I’ve been a Harewood Artist at English National Opera since 2017 and have performed several roles there. I’m about to start rehearsals for my largest role so far - Leporello in Garsington Opera’s production of Mozart’s Don Giovanni - which will be staged this Summer. I will make my Welsh National Opera debut early next year as Figaro in their production of Mozart’s Marriage of Figaro - a role I’ve performed once before during my student days at the University of Nottingham.
I have also a range of concert engagements including Gloucester: Three Choirs Festival in July singing the role of Brander in Berlioz’s La Damnation de Faust alongside Sarah Connolly (Marguerite), Christopher Purves (Méphistophélès) & Peter Hoare (Faust)
Further details can be found at www.davidirelandsings.com
Photo credit: Ian R Marshall
Overwhelming and unforgettable!
An evening of spine-tingling brilliance. Hearing Spem In Alium live and in the round would have been worth the ticket price all on its own, but nothing could have prepared me for quite how superb some of the other performances were too. The group of pieces including Tallis's O Nata Lux, sung by a small ensemble hidden from view behind the altar, was almost unbearably beautiful, with singing easily as good as anything I've ever heard from more well-known groups such as The Sixteen. What an extraordinary jewel in Nottingham's musical crown St Barnabas is!
Spem in Heaven! That was a landmark performance. Particularly good was the ‘sense surround’ of the singing circle. Coupled with a well-played Chacony from the band and vigorous rendition of the Dixit, all was well. The standing ovation was well deserved.
Spem in Alium last night - sublime! Thank you thank you thank you. My favourite piece of music which has been central in my life since the 80s, simply suffused my being. I was breathing the music deeply whilst quietly sobbing. I was privileged to be sitting in the centre and was delighted that you had set the choir in a circle. Perfect. Thank you again.
Thank you for the most wonderful evening. I thought I had died and gone to heaven as it sounded like angels singing. It was so nice to see a full Cathedral.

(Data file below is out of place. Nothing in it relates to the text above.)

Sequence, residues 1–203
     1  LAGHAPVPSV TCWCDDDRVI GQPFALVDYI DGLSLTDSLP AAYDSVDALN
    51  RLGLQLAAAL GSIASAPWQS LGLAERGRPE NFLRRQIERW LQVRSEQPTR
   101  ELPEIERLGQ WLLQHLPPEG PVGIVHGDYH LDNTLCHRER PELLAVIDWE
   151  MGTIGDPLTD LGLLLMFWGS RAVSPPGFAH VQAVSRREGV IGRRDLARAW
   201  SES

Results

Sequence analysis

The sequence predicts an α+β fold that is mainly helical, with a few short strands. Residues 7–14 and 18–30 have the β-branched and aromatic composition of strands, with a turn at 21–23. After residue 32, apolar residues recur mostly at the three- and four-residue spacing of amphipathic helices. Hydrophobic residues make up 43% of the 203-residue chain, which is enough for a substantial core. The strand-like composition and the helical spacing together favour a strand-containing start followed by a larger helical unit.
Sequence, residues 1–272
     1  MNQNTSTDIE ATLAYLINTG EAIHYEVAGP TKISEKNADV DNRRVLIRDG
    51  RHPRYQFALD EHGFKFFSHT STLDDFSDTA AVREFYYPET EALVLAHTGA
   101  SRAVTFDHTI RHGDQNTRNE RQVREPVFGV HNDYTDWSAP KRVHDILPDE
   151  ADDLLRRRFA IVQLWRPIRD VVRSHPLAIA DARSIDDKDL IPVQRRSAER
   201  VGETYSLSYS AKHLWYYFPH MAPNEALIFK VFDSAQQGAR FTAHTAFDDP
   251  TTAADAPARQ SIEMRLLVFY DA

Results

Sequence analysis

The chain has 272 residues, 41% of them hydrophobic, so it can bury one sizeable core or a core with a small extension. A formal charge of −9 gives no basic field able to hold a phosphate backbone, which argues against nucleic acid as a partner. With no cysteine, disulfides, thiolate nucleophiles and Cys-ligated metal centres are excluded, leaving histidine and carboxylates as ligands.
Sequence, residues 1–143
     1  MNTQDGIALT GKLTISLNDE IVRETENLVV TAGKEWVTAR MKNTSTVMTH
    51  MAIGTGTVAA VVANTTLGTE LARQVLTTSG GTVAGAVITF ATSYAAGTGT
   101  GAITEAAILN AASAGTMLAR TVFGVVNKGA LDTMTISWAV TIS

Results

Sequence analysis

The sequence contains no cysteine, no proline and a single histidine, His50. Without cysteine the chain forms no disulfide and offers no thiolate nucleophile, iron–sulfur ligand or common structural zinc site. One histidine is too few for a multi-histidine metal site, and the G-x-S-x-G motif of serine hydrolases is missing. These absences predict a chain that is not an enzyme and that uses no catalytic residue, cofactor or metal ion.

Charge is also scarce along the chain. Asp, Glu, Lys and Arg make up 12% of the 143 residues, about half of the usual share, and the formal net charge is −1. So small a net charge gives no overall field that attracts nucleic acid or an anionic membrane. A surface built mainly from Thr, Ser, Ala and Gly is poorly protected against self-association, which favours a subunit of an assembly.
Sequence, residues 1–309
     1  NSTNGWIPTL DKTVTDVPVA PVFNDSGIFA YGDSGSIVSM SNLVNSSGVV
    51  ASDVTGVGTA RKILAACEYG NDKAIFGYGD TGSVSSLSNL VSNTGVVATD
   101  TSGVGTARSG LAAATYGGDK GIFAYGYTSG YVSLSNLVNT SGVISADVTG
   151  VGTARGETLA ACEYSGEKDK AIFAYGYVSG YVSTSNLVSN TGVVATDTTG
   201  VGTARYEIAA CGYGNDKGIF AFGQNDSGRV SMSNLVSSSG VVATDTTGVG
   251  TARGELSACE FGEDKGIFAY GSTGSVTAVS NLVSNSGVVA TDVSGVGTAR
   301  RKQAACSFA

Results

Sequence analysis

The Tallis motet was the most uplifting, amazing thing I’ve heard in a long time. Having a seat without a view might have actually contributed, because closing my eyes allowed the magical waves of sound to flow around me without visual interruption. Totally sublime.
The whole piece was a moving and profound experience.
Former Choral Scholar, Fiona Spencer, describes her experience returning to Nottingham to sing for Spem in Alium
Photo credit: Ian R Marshall
There are few pieces as beautiful as Tallis’ spectacular 40-part motet, Spem in Alium. Written in the 17th century, for eight different choirs, performing Spem is a choral right of passage – not to mention a feat of counting and concentration! So, when Alex sent out a call for singers to bolster the ever fabulous Nottingham Cathedral Choir, I jumped at the chance.
Now living (and of course singing) in Bristol, I travelled up to Nottingham on the Friday evening, looking forward to catching up with old friends in what was sure to be another fantastic concert under Alex Patterson’s baton. Stepping into the Cathedral Hall, the buzz was already palpable. Familiar faces, choral scholars and choir members old and new were assembling in a large circle around the room, scores at the ready. Spem is a big sing. So after two hours of rehearsal, it was time for a quick round of refreshments at the pub, before a good night’s sleep, ready to return again at lunchtime on Saturday. Concert day nerves and excitement were in the air, and after a successful run through of the programme, including Handel’s epic Dixit Dominus, we were ready to welcome a very excited audience into the cathedral.
The concert started with three beautiful motets, carefully selected to compliment the main event. The full, beautiful breadth of the cathedral acoustic was used, with small groups performing in the Lady Chapel, the Blessed Sacrament chapel and on the Sanctuary itself. The fabulous Helix Ensemble gave the choir a short rest, performing Purcell’s Chacony in G minor, the beautiful melody floating around the cathedral as the choir readied themselves for the main event. For Spem in Alium itself, the eight choirs circled the audience for a true surround sound experience. The performance kicked off with the iconic motif which starts in choir one and travels throughout the eight choirs as the piece progresses. Every member of the choir was intent on Alex’s conducting, soaking up the energy he was giving and pouring it into every note and every word. The audience were transfixed throughout, and must have enjoyed what they heard, as they gave a standing ovation as the piece came to a close.
Buoyed by a brilliant first half performance, in the second half we were joined by the Helix Ensemble to perform Handel’s Dixit Dominus. A notoriously difficult piece to perform, the choir had clearly spent time committing the piece to memory. A confident, and moving performance ensued. My personal highlight of the concert was the outstanding performances from the soloists during the Handel. The Nottingham Cathedral choral scholarships have long been a platform for talented young people to share and hone their gift every Sunday morning. These solos gave them a chance to showcase this. The standard of singing was truly outstanding, particularly when you consider that many other choirs bring in professional soloists to cover this.
It was a fantastic performance, and I was so pleased to be a part of it, and hugely proud of the Cathedral Choir in both the standard of singing, and the ever welcoming, fun atmosphere that surrounds it. Well done everyone.